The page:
“This is my second act and I’m going to make the most of it.”
So declared Blythe Walker, a graduate student in the Penn State School of Music’s voice pedagogy program. Walker’s second act comes nearly 30 years after she was named Metropolitan Opera National Council Winner, which led to performances with the Met, New York City Opera, Boston Opera, Santa Fe Opera and many others. She has performed on Broadway and as a soloist with symphony orchestras nationally and internationally. Also a teacher, Walker has held adjunct faculty positions at the University of Cincinnati/College-Conservatory of Music and Depauw University, in addition to maintaining her own private studio.
So why is she starting her “second act” in a classroom, with fellow students more than 20 years her junior? “I woke up one day and realized I HAD to get back into academia and into the center of my musical life. Of course, it didn’t really happen overnight, but I have spent the past 15 years figuring out what I want to do, and I finally realized I wanted to go back to school.”
After Walker’s husband died suddenly in 1997, she was “shattered.” She continued to teach at the college level and in her private studio, while taking care of her aging parents. She served as soprano-in-residence at the Bay View Music Festival, was a resident master teacher/director of Young Singers of the Santa Fe Opera, and director of vocal studies at the New York Summer Music Festival, among other positions. But she needed more—a clear path and goal.
“I am pursuing my master’s in hopes that my degree, combined with my previous experience, will help me land a good academic teaching position in a conservatory or leading school of music, so that I might continue to live the life and do the work I was put on this earth to do,” Walker said.
She acknowledges that, at age 62, she is certainly an anomaly among the student body in the School of Music. “My age peers are the faculty, but I have been delighted to find my peers among the students as well. Everyone has been great. I feel embraced, respected.”
From a musical family, Walker’s dream of being an opera singer was always embraced and supported by her parents. “I knew in utero I was going to be a singer,” she joked.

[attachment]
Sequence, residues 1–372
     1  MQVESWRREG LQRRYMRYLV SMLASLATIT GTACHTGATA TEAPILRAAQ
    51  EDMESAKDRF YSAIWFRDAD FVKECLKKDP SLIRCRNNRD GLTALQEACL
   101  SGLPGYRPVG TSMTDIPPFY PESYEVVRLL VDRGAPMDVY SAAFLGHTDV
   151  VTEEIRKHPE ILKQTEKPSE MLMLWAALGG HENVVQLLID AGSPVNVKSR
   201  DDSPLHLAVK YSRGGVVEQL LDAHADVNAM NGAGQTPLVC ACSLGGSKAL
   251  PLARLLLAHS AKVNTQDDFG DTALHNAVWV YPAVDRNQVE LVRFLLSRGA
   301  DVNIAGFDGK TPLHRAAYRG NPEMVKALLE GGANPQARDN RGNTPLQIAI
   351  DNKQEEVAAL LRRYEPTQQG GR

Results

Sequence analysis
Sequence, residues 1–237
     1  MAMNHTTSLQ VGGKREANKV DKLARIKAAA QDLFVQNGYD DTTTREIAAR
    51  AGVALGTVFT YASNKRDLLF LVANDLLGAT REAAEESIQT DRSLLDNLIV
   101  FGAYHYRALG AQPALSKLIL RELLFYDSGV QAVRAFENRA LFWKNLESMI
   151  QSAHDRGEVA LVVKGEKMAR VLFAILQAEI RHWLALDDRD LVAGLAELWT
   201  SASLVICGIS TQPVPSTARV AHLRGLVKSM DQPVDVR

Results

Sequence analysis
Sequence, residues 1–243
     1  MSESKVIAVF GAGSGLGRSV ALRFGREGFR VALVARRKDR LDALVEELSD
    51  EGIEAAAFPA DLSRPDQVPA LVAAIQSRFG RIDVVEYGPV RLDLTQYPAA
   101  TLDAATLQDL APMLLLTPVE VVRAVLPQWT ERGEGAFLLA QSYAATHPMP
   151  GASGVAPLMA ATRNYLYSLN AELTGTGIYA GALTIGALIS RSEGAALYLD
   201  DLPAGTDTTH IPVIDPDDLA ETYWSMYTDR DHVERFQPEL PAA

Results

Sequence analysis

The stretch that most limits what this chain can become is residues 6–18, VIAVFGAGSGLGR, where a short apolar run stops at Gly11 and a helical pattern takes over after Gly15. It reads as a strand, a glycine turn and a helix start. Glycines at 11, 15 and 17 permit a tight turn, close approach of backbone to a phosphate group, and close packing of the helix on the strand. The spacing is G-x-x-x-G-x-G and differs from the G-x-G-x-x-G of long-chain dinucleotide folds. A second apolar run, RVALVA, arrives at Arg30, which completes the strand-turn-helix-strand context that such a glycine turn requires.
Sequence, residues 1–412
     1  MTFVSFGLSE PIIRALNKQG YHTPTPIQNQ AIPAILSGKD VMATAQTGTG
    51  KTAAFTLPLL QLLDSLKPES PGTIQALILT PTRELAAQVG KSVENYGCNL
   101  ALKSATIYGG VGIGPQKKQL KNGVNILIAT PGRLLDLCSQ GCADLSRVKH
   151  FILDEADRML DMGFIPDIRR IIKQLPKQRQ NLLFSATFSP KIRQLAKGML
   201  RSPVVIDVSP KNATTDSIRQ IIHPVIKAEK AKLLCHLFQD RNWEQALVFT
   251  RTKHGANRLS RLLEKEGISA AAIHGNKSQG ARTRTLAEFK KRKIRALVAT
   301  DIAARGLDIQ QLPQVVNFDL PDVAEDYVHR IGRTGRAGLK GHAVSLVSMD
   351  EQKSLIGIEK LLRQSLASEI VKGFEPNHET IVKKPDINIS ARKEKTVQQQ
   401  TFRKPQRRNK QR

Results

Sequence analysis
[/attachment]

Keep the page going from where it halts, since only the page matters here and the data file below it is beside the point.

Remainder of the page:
Walker credits her early training in Pittsburgh with teacher Norma France as the beginning of her life as a singer. Blythe’s first significant professional engagement came in 1974, at age 21, when she was offered a position in the Cologne Opera Training School. In addition to her award from the Metropolitan Opera, career highlights include winning first prize in both the Liederkranz and McAllister international vocal competitions, and being named a finalist in the international Hans Gabor Belvedere Singing Competition. She has collaborated with Leonard Bernstein, Stephen Sondheim and Peter Schickele, and performed with James Levine, Sir Charles Mackerras and Keith Lockhart, among others. Walker has been featured on the TELARC, RCA, Chandos and Painted Smiles record labels.
Now, in her “second act,” Walker is enjoying being able to pursue her academic interests. She plans to write her thesis on care of the aging voice. “Specifically the postmenopausal soprano voice—I’m my own guinea pig,” she noted.
According to Walker, the research and the pedagogy are moving away from the idea that the female voice must categorically deteriorate with age. “With proper care, and understanding of the physiological changes, there’s no reason why one can’t continue to sing well and healthfully as one ages.”
Walker acknowledges there is a bit of a disconnect between “all us baby boomers who want to continue to sing and those who are actually doing the casting.” She said she is happy to now have the opportunity to play older and comedic roles, including Berta the maid in Penn State Opera Theatre’s production of “The Barber of Seville” in March.
“After a career of playing leading ladies, it’s liberating in a way, not to have to worry about carrying a show. And it’s wonderful to watch and advise the next generation as they make their mark in our art form,” Walker said. “This is the most important part of my life now—passing on what I learned from my teacher and my mentors. To everything there is a season.”
Walker’s voice pedagogy program includes a performance component, and she said she especially enjoys her one-on-one voice lessons with faculty member Jennifer Trost. “We are developing a true collaboration, and that is so meaningful to me. Being here, re-engaging in a life in music, among musicians, is a tonic. And all the faculty here are superlative.”
Despite spending much of her life in more metropolitan areas, Walker noted she feels at home at Penn State. A native of western Pennsylvania, she finds something “wonderfully familiar” about going to school in her home state. “It feels like coming full circle. And I’m getting what I need, at a high level. So much has fallen into place that I have realized this was definitely the right thing to do.”